One intention I firmly commit myself to do this year and the many years to come is to be a prayerful wife. I used to be a churchgoer and my prayers are my constant weapon. Sadly when the good Lord blesses my family with one boy after another, my faith dwindled. Perhaps career and motherhood took place. Often, despite the many good news, I still feel the emptiness of life. It grows, devouring even my relationship with my family and friends.
So I stood up and now, I am slowly walking my path toward a familiar trail. I realized that all along, He is just there waiting for me. The travel may still be long but this wife is happy she is on the right track.
What is the meaning of “As we forgive those who trespass against us”
Anyway, this story is about one realization I had this morning. I was praying the rosary and then stopped. What is the meaning of –
As we forgive those who trespass against us.
I cannot continue my prayer that morning. It seems so hard to forgive one person who is causing so much distress to us lately.
So I stopped.
Then I allowed myself to see and feel what that person was seeing and feeling. Only by putting myself into her shoe would I certainly understand her angst. She may perhaps have reacted so violently, but she is just one mom who deeply cares for her son. And then I see where she is coming from.
And honestly, I forgive her for being one anxious mother. What I cannot tolerate are her vulgar and shameful bashing. She was not able to control her emotions or she allowed her feelings to take her over. She acted so unreasonably, causing hurt and even trauma.
It was the students’ free time. My son and his friend were playing chess. Then somebody distracted their game and my son, out of irritation, whacked the classmate on the head. Only that the classmate was able to avoid my son’s hard blow. The classmate retaliated and hit my son’s head quite heavily. My boy realized his mistake and offered his sorry.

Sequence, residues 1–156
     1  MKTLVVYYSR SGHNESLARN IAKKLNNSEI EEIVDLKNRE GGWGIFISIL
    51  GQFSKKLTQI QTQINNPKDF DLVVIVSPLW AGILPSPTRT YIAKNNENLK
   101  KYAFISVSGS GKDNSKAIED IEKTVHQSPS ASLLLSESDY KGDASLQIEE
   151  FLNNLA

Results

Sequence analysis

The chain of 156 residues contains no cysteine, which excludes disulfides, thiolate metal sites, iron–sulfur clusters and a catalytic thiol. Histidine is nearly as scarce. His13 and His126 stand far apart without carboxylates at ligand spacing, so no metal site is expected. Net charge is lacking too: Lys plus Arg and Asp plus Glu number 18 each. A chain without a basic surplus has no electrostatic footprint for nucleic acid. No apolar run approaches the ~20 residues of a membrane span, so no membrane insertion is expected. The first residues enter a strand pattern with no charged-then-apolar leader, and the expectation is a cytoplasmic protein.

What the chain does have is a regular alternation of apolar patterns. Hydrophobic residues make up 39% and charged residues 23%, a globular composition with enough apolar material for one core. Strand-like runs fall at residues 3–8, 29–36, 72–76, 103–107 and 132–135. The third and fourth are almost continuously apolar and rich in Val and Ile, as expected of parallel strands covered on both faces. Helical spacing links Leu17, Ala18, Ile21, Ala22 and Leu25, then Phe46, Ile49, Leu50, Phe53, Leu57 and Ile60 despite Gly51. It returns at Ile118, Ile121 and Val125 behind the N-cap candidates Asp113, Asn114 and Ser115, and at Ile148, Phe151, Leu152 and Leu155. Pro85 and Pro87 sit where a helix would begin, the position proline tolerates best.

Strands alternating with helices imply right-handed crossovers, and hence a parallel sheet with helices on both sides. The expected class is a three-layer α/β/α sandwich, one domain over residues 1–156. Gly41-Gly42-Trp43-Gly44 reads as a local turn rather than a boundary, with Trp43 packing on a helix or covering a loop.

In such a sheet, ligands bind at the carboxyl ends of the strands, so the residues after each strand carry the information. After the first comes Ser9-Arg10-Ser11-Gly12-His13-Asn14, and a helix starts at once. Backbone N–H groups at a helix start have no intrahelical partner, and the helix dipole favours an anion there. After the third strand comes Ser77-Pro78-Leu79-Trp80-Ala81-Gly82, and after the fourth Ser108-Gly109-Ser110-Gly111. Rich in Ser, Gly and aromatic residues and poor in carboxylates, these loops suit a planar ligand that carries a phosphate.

The mother, who learned of the incident, immediately bombarded me with long chat messages and accused my son as “sobrang salbahe” (bad boy). She claimed her son got dizzy after, and even on the next day was not able to stand up straight because of dizziness. She then threatened my boy and me. And my goodness, spoke of so many unimaginable and truly detestable words.
We are yet to have a conference at the school to hopefully, settle everything. And I sincerely pray there would be a reconciliation.
I was also able to finish my rosary and meditated a few minutes. My 17-month-old son seems to be enjoying his stay in our bed, so I was able to draft this post. I would love to read this sometime again should I question the need to “forgive those who trespass against us.”
My son acted unjustly. He realized his mistakes and made amends. The other mother reacted very differently and spoke of unthinkable words to make her message across. I cannot judge her if what she did and is continuously doing is right or otherwise. But I learned something from her.
Before you speak, let your words pass through three gates.
At the first gate, ask yourself, is it true.
At the second gate, is it necessary?
At the third gate ask, is it kind?
Ritu Ghatourey, Indian author